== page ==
fjordaan / tags / culture

Tagged with “culture” (6)

  1. A Cunning Plan

    Inventing the next twenty years, strategic foresight, fictional futurism and English rural magic: Warren Ellis attempts to convince you that they are all pretty much the same thing, and why it was very important that some people used to stalk around village hedgerows at night wearing iron goggles.

    http://2014.dconstruct.org/conference/warrenellis/

    Warren Ellis is a writer. He is not the violinist in the Bad Seeds.

    Some of the things he has written have pictures in them, like Transmetropolitan, Planetary, and The Authority. Some of the things he has written are constructed entirely from words, like Crooked Little Vein and the best-selling Gun Machine.

    Gun Machine is currently being developed for television. His book Red was adapted for the big screen in 2010. We shan’t hold it against him.

    You can find him on Twitter, on Tumblr, on This Is My Jam, and you used to be able to find him in Second Life, but most importantly, he has his own website because he’s down with the Indie Web.

    —Huffduffed by fjordaan

  2. Information Doesn’t Want to be Free

    There are three iron laws of information age creativity, freedom and business, woven deep into the fabric of the Internet’s design, the functioning of markets, and the global system of regulation and trade agreements.

    You can’t attain any kind of sustained commercial, creative success without understanding these laws — but more importantly, the future of freedom itself depends on getting them right.

    http://2014.dconstruct.org/conference/corydoctorow/

    Cory Doctorow is a science fiction author, activist, journalist, blogger and co-editor of Boing Boing.

    He has written a ton of great books. If you haven’t read them, I recommend starting with Down and Out in the Magic Kingdom and working your way through to his collaboration with Charles Stross, Rapture of the Nerds. Don’t miss out on his fantastic Young Adult novels For The Win, Pirate Cinema, Little Brother and its sequel Homeland. They’re all great.

    Former European director of the Electronic Frontier Foundation and co-founder of the Open Rights Group, Cory is a tireless fighter for freedom, campaigning against censorship, DRM, government surveillance and other plagues of our time.

    Cory delivered the closing keynote at the very first dConstruct and it’s truly fitting that he’s back ten years later when the theme of this year’s dConstruct is “Living With The Network.”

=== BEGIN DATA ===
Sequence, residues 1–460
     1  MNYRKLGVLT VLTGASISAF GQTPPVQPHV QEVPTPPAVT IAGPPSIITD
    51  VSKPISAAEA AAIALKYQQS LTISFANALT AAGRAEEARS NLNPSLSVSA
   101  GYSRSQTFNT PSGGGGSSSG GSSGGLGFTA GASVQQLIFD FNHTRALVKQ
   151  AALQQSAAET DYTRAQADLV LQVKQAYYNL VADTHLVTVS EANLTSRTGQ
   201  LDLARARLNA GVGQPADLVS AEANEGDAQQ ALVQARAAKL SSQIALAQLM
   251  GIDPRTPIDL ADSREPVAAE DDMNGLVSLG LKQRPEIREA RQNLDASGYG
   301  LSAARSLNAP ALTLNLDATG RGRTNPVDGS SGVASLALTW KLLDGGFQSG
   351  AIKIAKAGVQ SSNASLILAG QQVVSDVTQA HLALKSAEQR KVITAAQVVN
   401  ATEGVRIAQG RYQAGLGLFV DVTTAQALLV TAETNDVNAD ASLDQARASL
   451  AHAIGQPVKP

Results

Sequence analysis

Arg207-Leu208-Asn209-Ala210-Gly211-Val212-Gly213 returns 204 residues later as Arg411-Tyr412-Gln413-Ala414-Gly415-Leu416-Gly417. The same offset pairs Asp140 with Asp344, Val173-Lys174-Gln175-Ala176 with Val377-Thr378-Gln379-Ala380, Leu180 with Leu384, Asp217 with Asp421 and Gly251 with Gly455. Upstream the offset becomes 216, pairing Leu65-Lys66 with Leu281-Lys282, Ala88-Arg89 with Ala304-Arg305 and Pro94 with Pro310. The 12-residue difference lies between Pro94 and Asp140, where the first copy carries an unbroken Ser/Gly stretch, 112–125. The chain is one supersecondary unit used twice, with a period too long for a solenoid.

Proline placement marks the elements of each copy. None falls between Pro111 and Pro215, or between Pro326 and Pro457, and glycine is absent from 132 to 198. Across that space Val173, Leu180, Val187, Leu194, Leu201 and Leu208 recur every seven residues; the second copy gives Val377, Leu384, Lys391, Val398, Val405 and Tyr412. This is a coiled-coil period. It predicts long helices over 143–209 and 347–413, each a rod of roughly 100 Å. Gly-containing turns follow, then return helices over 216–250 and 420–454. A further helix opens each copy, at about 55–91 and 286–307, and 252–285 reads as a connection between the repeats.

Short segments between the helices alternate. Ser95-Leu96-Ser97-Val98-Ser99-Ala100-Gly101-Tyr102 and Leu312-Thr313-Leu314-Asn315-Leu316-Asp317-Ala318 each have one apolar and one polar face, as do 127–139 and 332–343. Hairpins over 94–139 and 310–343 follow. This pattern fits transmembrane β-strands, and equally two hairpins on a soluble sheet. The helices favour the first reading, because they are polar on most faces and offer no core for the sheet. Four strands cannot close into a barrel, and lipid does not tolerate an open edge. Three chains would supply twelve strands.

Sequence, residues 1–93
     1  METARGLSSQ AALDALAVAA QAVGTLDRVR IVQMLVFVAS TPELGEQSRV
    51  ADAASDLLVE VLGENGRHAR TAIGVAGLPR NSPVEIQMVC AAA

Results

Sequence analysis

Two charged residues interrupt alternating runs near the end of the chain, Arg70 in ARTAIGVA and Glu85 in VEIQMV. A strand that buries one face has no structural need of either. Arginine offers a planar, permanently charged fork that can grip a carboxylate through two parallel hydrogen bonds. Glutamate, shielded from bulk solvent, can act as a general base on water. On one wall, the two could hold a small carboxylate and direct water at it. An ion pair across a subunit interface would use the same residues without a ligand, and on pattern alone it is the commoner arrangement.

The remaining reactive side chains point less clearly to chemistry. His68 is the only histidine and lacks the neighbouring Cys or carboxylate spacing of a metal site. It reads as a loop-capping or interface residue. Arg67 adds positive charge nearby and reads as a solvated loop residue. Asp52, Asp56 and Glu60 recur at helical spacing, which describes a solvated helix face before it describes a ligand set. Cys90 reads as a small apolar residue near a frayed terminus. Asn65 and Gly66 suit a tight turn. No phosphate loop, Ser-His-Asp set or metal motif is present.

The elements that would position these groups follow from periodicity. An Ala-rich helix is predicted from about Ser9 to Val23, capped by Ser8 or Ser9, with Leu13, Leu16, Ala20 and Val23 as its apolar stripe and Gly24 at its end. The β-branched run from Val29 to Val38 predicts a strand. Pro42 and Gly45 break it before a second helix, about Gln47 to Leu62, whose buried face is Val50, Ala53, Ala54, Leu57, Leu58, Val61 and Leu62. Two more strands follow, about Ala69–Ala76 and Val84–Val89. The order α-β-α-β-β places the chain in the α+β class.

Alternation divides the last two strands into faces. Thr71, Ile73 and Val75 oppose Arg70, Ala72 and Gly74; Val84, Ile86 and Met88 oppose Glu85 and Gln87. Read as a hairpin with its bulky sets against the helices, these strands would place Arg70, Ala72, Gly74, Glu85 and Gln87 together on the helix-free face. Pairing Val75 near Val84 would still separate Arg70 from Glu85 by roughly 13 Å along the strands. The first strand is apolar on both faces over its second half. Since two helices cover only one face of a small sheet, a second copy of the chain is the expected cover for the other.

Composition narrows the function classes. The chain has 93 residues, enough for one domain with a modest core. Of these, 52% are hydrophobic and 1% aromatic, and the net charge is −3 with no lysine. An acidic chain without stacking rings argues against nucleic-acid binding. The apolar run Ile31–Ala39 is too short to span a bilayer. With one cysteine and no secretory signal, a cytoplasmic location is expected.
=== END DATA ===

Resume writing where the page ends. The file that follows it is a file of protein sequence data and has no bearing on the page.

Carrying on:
—Huffduffed by fjordaan

  3. Hypertext as an Agent of Change

    Thomas Pynchon. The Anthropocene. Ferguson. Geoheliocentrism. Teju Cole. Thomas Kuhn’s theory of paradigms. Antigone. A wall. The sixth extinction.

    The ways we transmit information—and the ways in which that information accumulates into narratives—is changing. And if we aren’t careful, it may not change in all the ways we want it to.

    http://2014.dconstruct.org/conference/mandybrown/

    Mandy Brown is a wordsmith. She takes other people’s words and hammers them into shape.

    Mandy edited Frank Chimero’s The Shape Of Design. She has edited articles for A List Apart and books for A Book Apart (including the particularly handsome first book).

    More recently, Mandy assembled a dream team to work on her startup Editorially, an online platform for collaborative writing and editing. That didn’t work out in the end, which is a shame because it was a lovely piece of work.

    Before that, Mandy worked as product lead at Typekit, whipping their communications into shape.

    She is one of the Studiomates crew in Brooklyn, where she lives with her husband, Keith and her dog, Jax. They’re both adorable.

    —Huffduffed by fjordaan

  4. The Value Of Ruins on Huffduffer

    Between The Alexandrian War of 48 BCE and the Muslim conquest of 642 CE, the Library of Alexandria, containing a million scrolls and tens of thousands of individual works was completely destroyed, its contents scattered and lost. An appreciable percentage of all human knowledge to that point in history was erased. Yet in his novella “The Congress”, Jorge Luis Borges wrote that “every few centuries, it’s necessary to burn the Library of Alexandria”.

    In his session James will ask if, as we build ourselves new structures of knowledge and certainty, as we design our future, should we be concerned with the value of our ruins?

    http://2010.dconstruct.org/speakers/james-bridle

    —Huffduffed by fjordaan

  5. Conversations With History: The Politics of Food

    Host Harry Kreisler welcomes writer Michael Pollan for a discussion of the agricultural industrial complex that dominates consumer choices about what to eat. He explores the origins, evolution and consequences of this system for the nation’s health and environment. He highlights the role of science, journalism, and politics in the development of a diet that emphasizes nutrition over food. Pollan also sketches a reform agenda and speculates on how a movement might change America’s eating habits. He also talks about science writing, the rewards of gardening, and how students might prepare for the future.

    http://www.uctv.tv/search-details.aspx?showID=15882

    —Huffduffed by fjordaan